Being held for even a short period of time can have an impact on your health. You may be malnourished, you might have picked up an infection or tropical disease, you may have muscle wastage, and the impacts of your experiences can leaving a lasting effect psychologically as well as physically. It is really important to take care of your health when you return.
Sleep is an essential function, which helps to heal the body when it is sick or has experienced an extreme event. Stress from a traumatic event – such as a kidnapping – can often lead to a variety of sleep problems.
When the body is overstimulated, the brain is flooded with neurochemicals that keep us awake, making it difficult to wind down at the end of the day. The neurochemicals remain present in the brain and can interrupt your normal sleep cycle. The result can be insomnia, bad dreams, and daytime fatigue caused by sleep disturbance.
You should not be surprised if you find yourself needing much more sleep than normal or fall asleep at any hour of the day or night. This is your body taking the sleep it needs to heal itself.
You might find it difficult to fall asleep or find yourself waking in the night. This might be due to flashbacks or troubling thoughts, a sense that you need to maintain a high level of vigilance, you might associate nighttime or darkness with negative memories from your captivity, or you might have nightmares.
Sleep deprivation can have a significant impact on your mood and behavior, including heightened frustration, impaired concentration, and irritability with those around you. If it continues over a longer period of time, it can also start to have physical side effects.
Some turn to alcohol or other drugs to reduce their stress levels, but they can exacerbate sleep problems.
Many hostages held for long periods suffer from malnutrition as a result of their poor diet during captivity. If left untreated, malnutrition can cause many problems, such as lack of appetite, weight loss, tiredness and a loss of energy, it may impair your ability to perform normal tasks, it can reduce concentration and it can also be associated with lethargy and depression. It is important you see a dietitian within a few weeks of your return home so they can offer tailored advice about your diet.
Your dietary plans will depend on your individual circumstances, but it’s likely you’ll be advised to gradually increase your intake of energy, protein, carbohydrates, fluids, and vitamins and minerals. The aim is to reduce your risk of developing complications, such as infections, and to avoid hospital admission.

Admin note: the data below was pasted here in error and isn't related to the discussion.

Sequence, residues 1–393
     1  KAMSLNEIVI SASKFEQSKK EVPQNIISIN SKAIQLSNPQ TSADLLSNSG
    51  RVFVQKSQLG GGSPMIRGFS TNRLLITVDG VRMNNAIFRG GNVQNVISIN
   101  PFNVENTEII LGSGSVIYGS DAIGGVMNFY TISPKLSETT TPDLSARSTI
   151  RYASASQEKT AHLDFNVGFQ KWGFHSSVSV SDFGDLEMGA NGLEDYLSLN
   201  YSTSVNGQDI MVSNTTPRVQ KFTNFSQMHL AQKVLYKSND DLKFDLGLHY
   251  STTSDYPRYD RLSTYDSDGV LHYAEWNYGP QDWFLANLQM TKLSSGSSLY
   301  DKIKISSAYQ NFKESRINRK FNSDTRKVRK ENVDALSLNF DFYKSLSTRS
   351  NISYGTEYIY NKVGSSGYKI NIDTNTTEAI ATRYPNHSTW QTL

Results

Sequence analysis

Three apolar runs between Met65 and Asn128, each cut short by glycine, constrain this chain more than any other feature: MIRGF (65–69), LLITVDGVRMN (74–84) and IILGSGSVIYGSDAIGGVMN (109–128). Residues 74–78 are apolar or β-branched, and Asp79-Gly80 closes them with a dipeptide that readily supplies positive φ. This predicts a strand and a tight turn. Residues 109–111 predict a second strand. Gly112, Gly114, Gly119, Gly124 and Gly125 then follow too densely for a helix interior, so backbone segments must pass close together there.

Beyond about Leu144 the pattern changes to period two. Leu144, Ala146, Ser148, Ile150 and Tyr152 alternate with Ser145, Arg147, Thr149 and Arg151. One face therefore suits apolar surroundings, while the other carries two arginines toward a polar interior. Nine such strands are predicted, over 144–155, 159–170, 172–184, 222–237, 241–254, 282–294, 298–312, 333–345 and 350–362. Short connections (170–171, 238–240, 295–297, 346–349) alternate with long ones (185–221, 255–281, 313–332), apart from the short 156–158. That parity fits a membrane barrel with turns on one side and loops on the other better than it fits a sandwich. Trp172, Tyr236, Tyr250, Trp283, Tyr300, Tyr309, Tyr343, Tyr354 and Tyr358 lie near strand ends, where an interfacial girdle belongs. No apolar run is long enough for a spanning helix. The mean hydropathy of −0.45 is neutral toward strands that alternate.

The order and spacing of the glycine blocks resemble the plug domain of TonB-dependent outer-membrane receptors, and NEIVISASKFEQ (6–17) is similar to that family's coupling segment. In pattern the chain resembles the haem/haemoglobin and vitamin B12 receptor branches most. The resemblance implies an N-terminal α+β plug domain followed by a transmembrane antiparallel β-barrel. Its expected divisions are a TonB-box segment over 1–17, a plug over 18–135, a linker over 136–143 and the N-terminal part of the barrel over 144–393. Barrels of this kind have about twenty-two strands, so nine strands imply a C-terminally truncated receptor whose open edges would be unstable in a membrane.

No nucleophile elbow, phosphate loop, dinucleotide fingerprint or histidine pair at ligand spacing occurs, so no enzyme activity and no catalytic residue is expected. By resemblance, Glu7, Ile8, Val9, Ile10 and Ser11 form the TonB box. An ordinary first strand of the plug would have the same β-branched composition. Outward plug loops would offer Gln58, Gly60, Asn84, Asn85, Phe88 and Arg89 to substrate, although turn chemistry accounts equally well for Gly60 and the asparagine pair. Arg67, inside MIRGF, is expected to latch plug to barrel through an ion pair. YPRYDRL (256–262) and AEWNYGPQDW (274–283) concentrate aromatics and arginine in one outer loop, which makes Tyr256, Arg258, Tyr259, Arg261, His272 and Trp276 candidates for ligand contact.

You may also be advised to take special nutritional supplements which can increase your energy and protein intake.
If you have problems swallowing food or drink (dysphagia), you may want to ask to be referred to a speech and language therapist (SLT) who can assess your swallowing and offer advice about a special diet that can help.
Exercise and well being
Even relatively short periods of physical inactivity can result in muscle wastage or atrophy. This can leave you physically weak and you will find even light physical movement difficult. There are a number of treatments, including exercise (such as water exercises), physical therapy, ultrasound therapy, or surgery for the most extreme cases. Any diagnosis and treatment should be conducted by your doctor.
When you return, it is advisable to get a full medical check up. You may have picked up bugs or tropical diseases, you may have other physical conditions, you may be malnourished or suffering from the impacts of a traumatic experience. Hostage US can assist you to get a full medical check up.
It is important you get a full dental check up after your release. You might have gone prolonged periods without being able to brush your teeth, have suffered damage to your teeth, or lost teeth. You may also have dental problems as a result of poor diet or malnutrition.
Dealing with the impacts of trauma
A kidnapping is a traumatic event. You may experience a number of different reactions to having been held hostage, all of which are entirely normal. It is important to look out for signs that you might be suffering, but remember that very few former hostages go on to experience post-traumatic stress disorder (PTSD) – most are able to recover and go on to live happy and fulfilled lives. See Dealing With the Impacts of Trauma